New Agers generally do one of two things with the teachings of Jesus. Some merely reinterpret the gospel sayings of Jesus to make it appear that Jesus was actually teaching New Age “truth.” Others add that long-lost (New Age) sayings of Jesus have been rediscovered. These “rediscovered” sayings can have one of two sources: reputed ancient extracanonical writings (like the “Gnostic gospels” which were allegedly suppressed by the early church and rediscovered at Nag Hammadi in 1945) and the Akashic Record. Let us now consider samplings of each of these.
The Gospel Sayings of Jesus. According to New Agers, we must all seek first the kingdom of heaven (Matt. 6:33), recognizing that the “kingdom” has reference to our inner divinity. For indeed, Jesus said “Ye are gods” (John 10:34). The parable about those who foolishly build a house on sand (Matt. 7:24-27) teaches us that those who fail to recognize their divinity will not be able to stand against the storms of life. But if we come unto Jesus, we will find rest, for his yoke (i.e., yoga) is easy and his burden is light (Matt. 11:28-30).
“Newly Discovered” Sayings from Extracanonical Sources. Jesus taught a form of pantheism according to The Life of Saint Issa, for he said that “the Eternal Spirit [God] is the soul of all that is animate.” He also taught that all humans have unlimited potential: “I came to show human possibilities; that which I am, all men will be.” And, according to the Gnostic gospels, Jesus spoke of “illusion and enlightenment, not of sin and repentance.” Indeed, man can save himself: “If you bring forth what is within you, what you bring forth will save you.”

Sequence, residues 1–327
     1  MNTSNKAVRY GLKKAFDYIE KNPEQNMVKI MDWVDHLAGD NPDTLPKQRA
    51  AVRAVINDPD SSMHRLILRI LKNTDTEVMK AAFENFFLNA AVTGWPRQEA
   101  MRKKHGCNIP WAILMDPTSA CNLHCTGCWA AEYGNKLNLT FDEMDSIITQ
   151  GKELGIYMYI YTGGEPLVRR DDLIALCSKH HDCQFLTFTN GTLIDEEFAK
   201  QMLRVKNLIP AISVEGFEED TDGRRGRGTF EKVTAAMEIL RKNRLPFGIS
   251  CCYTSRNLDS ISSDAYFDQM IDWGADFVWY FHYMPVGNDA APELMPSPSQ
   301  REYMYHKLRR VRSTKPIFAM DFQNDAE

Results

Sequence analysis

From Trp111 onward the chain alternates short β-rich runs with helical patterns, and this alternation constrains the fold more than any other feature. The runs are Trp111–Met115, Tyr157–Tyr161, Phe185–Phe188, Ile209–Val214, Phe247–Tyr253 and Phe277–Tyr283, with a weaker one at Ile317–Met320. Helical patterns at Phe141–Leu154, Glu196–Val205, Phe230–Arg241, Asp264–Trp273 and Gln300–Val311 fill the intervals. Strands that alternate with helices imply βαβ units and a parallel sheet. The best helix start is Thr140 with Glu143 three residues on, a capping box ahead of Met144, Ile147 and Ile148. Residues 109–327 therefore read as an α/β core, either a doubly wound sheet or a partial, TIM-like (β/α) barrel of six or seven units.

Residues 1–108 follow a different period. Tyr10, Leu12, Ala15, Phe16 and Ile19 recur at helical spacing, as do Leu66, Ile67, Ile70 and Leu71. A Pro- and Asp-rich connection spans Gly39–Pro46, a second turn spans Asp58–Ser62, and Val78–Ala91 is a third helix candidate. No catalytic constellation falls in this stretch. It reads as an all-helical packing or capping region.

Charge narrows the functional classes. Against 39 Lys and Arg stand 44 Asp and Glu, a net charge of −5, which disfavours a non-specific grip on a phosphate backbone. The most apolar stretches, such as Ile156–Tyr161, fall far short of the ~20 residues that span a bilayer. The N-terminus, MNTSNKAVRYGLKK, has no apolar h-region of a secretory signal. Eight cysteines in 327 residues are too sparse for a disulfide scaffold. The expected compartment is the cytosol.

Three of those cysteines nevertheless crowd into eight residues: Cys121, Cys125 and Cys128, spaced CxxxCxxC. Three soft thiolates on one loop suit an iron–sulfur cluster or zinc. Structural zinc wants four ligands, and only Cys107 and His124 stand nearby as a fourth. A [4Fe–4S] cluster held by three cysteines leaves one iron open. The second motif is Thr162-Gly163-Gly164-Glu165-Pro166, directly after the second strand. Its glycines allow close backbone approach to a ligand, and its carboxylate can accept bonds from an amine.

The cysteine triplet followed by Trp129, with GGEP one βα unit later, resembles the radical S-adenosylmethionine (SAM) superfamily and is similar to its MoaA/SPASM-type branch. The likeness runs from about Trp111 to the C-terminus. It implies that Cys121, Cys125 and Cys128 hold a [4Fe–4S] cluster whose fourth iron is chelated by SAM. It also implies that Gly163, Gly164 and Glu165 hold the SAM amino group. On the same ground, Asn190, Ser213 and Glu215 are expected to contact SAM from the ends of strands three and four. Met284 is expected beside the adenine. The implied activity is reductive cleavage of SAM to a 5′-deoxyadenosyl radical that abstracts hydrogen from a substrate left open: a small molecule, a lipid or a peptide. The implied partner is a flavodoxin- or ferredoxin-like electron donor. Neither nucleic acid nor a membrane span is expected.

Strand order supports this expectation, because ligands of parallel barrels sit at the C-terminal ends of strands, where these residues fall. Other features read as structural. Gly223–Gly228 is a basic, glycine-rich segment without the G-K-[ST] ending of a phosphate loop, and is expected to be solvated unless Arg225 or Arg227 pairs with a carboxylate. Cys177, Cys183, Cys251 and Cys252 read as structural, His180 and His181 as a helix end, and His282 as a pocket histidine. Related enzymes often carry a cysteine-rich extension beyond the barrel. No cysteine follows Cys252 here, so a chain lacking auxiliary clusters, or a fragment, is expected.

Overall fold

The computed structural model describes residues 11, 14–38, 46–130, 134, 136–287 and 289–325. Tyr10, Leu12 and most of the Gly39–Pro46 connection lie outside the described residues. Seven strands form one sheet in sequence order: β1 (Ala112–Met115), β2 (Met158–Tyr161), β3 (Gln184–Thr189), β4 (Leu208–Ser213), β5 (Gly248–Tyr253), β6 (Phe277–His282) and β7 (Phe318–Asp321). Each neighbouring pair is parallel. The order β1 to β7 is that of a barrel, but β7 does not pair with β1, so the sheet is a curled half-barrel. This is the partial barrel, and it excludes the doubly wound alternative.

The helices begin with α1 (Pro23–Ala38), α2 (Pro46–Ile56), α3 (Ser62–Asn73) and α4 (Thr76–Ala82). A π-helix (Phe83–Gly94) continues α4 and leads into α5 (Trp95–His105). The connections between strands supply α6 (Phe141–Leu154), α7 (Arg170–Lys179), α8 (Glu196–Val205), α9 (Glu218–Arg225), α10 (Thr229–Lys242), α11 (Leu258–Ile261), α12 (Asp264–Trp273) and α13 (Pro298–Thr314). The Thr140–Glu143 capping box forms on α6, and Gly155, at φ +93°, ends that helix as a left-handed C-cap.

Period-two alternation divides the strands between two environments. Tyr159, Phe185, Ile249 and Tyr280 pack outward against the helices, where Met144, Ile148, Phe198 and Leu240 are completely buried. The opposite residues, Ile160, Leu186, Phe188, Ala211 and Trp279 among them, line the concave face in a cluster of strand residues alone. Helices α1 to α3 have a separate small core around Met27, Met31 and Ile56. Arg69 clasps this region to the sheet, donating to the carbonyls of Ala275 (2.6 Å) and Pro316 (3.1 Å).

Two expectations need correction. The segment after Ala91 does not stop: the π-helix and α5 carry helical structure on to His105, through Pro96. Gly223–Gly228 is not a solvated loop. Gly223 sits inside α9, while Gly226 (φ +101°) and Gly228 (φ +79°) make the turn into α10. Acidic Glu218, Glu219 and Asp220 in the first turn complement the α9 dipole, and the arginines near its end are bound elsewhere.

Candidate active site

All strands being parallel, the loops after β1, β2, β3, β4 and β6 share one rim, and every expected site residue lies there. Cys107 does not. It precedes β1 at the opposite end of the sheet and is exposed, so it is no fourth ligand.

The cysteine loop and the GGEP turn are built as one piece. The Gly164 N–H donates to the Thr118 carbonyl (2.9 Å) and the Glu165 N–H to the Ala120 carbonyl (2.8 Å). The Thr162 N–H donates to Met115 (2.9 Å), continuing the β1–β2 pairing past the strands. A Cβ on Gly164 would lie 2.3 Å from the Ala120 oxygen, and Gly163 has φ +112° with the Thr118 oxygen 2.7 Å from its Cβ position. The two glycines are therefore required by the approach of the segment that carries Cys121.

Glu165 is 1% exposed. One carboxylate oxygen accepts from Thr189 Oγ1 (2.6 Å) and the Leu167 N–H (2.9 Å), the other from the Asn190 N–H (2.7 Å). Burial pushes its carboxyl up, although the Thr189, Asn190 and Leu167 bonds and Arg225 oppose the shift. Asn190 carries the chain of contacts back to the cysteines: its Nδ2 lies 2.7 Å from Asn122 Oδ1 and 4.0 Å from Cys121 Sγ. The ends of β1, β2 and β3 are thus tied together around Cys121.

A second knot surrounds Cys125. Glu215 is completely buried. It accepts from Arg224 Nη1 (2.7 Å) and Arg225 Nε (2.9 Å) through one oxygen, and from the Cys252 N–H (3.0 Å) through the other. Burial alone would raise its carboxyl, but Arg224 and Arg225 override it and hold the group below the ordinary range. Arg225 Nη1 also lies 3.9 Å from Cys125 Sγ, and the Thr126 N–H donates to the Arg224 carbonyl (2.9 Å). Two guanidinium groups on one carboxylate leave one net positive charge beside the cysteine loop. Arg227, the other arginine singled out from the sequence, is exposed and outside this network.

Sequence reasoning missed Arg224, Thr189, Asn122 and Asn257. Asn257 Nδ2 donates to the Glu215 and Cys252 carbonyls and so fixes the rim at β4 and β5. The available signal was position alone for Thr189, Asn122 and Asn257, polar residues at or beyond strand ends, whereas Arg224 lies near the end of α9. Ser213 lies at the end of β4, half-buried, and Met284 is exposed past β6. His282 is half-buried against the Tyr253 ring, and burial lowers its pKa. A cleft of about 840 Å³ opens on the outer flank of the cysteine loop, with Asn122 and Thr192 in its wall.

“Newly Discovered” Sayings from the Akashic Record. According to Levi’s Aquarian Gospel, Jesus was just a way-shower: “And all the people were entranced, and would have worshipped Jesus as God; but Jesus said, I am your brother man just come to show the way to God; you shall not worship man.” Jesus also taught pantheism and monism: “The universal God is one, yet he is more than one [i.e., he takes many forms]; all things are God; all things are one.” Jesus also tells us that “the nations of the earth see God from different points of view, and so he does not seem the same to every one.”
THE ORTHODOX CHRISTIAN RESPONSE
A Christian response to the New Age rendition of Jesus may begin with the observation that the accounts of Jesus going East have irreconcilable contradictions. This fact alone should make any objective investigator suspicious of the reliability of these documents.